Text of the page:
Thanks Alfonse! Great info, and a pretty strong argument that MDI draws aren’t packed into shared thread groups.
Doing more reading up on this today, this perf problem with small instances or MDI draws seems to be pretty well known by some. It also sounds like NVidia Task and Mesh Shaders allow you to get around this by re-packing the input work as you see fit (unfortunately, those aren’t an option for us yet). In the absence of that feature, I suspect that pseudo-instancing might be the best option for obtaining good GPU utilization on vertex work with simple meshes.
A few links mentioning the “simple mesh” perf problems associated with “instancing” and “multi-draw indirect” (MDI) along with task and mesh shaders:
- Use Draw Indirect to generate variable amount of data
- Preferably avoid low primitive counts (risk of being FrontEnd-limited)
The optional expansion via task shaders allows early culling of a group of primitives or making LOD decisions upfront.
The mechanism scales across the GPU and is therefore superseding instancing or multi draw indirect for small meshes.
Mesh Shaders in Turing (10/2018)
- Instancing of very basic shapes
IMPROVE RAW RENDERING
- Instancing, Multi-Draw-Indirect etc. already in use
TINY DRAW CALLS
Some scenes suffer from low - complexity drawcalls (< 512 triangles )
Task shaders can serve as faster alternative to Multi Draw Indirect (MDI)
- MDI or instanced drawing can still be bottlenecked by GPU
- Task shaders provide distributed draw call generation across chip
- Also more flexible than classic instancing (change LOD etc.)
Task Shader Overhead
The other option (not yet used in this sample) is to batch drawcalls with few meshlets into bigger drawcalls, so that the task shader stage becomes more effective again. Task shaders can serve as alternative to instancing/multi-draw-indirect as they can dispatch mesh shaders in a distributed matter.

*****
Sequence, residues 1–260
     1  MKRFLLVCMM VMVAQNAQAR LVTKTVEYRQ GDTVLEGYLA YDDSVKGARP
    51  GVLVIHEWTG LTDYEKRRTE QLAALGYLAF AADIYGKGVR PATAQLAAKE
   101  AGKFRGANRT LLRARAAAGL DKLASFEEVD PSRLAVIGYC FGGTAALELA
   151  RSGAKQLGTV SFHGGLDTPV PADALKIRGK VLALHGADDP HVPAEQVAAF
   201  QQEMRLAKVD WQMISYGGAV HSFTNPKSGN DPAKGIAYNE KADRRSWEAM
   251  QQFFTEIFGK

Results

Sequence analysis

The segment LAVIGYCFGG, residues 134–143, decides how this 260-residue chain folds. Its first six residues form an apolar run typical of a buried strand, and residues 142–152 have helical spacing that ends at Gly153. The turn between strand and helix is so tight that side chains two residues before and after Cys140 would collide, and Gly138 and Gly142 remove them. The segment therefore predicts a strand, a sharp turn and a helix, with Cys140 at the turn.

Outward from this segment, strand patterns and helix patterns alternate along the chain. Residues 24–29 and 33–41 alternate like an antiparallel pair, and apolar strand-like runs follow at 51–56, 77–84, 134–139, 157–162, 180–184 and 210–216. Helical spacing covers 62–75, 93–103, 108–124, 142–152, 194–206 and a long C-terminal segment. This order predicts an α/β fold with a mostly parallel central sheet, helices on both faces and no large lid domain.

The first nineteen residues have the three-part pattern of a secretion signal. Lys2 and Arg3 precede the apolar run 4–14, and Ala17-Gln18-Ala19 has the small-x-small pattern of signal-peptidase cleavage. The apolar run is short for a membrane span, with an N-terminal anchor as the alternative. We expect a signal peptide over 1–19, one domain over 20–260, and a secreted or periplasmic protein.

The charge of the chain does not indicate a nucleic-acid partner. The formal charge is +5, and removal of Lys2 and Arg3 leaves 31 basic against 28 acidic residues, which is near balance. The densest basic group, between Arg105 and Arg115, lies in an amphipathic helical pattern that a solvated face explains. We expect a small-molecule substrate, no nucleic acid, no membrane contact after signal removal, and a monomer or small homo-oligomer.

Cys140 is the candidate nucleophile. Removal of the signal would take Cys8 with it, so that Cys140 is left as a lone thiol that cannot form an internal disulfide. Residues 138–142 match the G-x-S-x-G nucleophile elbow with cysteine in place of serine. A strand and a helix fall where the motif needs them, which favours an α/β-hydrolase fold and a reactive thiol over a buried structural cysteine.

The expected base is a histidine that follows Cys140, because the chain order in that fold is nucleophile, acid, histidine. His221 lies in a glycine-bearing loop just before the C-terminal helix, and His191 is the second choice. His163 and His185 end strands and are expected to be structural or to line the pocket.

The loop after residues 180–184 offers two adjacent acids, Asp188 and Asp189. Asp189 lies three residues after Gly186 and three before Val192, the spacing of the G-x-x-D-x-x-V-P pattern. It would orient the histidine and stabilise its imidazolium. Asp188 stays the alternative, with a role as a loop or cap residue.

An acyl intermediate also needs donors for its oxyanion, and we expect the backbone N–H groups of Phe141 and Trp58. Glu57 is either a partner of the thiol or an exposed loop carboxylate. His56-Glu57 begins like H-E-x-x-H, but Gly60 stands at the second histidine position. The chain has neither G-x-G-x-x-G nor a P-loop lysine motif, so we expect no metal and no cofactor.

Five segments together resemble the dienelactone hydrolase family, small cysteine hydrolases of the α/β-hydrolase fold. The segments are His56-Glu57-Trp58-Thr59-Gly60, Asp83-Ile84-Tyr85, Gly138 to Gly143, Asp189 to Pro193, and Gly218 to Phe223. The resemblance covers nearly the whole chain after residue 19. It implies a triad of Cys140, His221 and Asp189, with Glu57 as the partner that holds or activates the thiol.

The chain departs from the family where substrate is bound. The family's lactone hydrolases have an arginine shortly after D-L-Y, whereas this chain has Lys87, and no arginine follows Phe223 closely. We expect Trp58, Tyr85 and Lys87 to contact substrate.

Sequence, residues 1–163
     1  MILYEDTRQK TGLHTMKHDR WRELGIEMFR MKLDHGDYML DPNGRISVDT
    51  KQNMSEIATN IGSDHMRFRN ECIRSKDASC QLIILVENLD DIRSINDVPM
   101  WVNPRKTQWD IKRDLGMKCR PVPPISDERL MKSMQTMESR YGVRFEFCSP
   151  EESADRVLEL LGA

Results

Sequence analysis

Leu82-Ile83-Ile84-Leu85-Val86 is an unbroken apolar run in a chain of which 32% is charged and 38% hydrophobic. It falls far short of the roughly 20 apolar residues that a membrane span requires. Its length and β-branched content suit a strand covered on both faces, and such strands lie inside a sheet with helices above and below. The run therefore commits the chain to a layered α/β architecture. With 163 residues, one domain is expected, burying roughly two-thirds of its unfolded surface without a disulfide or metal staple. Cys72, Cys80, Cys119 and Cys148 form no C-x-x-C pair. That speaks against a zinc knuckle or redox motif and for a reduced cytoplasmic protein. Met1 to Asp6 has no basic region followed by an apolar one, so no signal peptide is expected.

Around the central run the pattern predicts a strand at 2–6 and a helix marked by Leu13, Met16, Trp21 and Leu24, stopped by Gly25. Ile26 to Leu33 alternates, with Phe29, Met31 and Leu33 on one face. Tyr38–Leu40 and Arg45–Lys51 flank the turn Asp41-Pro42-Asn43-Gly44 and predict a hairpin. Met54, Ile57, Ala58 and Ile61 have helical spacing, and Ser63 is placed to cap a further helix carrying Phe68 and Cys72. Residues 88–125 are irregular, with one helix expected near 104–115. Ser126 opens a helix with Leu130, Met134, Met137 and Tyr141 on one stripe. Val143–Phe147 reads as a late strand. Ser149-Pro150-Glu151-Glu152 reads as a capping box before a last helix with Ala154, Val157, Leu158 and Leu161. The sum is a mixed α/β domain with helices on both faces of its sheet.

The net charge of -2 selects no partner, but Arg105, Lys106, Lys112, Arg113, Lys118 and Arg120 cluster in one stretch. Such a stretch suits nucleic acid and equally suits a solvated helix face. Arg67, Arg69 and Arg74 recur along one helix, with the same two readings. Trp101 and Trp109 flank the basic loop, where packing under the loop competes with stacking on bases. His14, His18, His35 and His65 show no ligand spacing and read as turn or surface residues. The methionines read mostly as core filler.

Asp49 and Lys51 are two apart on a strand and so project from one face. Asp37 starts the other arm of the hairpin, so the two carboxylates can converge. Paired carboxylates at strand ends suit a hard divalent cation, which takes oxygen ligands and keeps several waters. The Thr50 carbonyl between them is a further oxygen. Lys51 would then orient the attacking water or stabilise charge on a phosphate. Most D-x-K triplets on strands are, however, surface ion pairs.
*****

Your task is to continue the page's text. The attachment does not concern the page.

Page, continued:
Especially in models with many small objects, such a technique is highly recommeded (e.g. low-complexity furniture/properties in architecural visualization, nuts and bolts, guardrails etc.)
We can easily batch 32 small drawcalls into a single drawcall by summing the task counts over all batched drawcalls.
[C++ code snippet]
Inside the first shader stage we use warp (subgroup) intrinsics to find which actual sub-drawcall we are in.
[GL compute shader code snippet]
At the cost of some additional latency you can extend this to a total of 32 * 32 batched drawcalls…
Instancing, and later multi-draw, allowed certain sets of draw calls to be combined together; indirect draws could be generated on the GPU itself. …
Instancing can only draw copies of a single mesh at a time; multi-draw is still inefficient for large numbers of small draws.
An Upgrade Path
The other really neat thing about mesh shaders is that they don’t require you to drastically rework how your game engine handles geometry to take advantage of them. …
Instanced draws are straightforward: multiply the meshlet count and put in a bit of shader logic to hook up instance parameters.
A more interesting case is multi-draw, where we want to draw a lot of meshes that aren’t all copies of the same thing. For this, we can employ task shaders – a secondary feature of the mesh shader pipeline. Task shaders add an extra layer of compute-style work groups, running before the mesh shader, and they control how many mesh shader work groups to launch. They can also write output variables to be consumed by the mesh shader. A very efficient multi-draw should be possible by launching task shaders with a thread per draw, which in turn launch the mesh shaders for all the individual draws.
If we need to draw a lot of very small meshes, such as quads for particles/imposters/text/point-based rendering, or boxes for occlusion tests / projected decals and whatnot, then we can pack a bunch of them into each mesh shader workgroup. The geometry can be generated entirely in-shader rather than relying on a pre-initialized index buffer from the CPU. (This was one of the original use cases that, it was hoped, could be done with geometry shaders – e.g. submitting point primitives, and having the GS expand them into quads.) There’s also a lot of flexibility to do stuff with variable topology, like particle beams/strips/ribbons, which would otherwise need to be generated either on the CPU or in a separate compute pre-pass.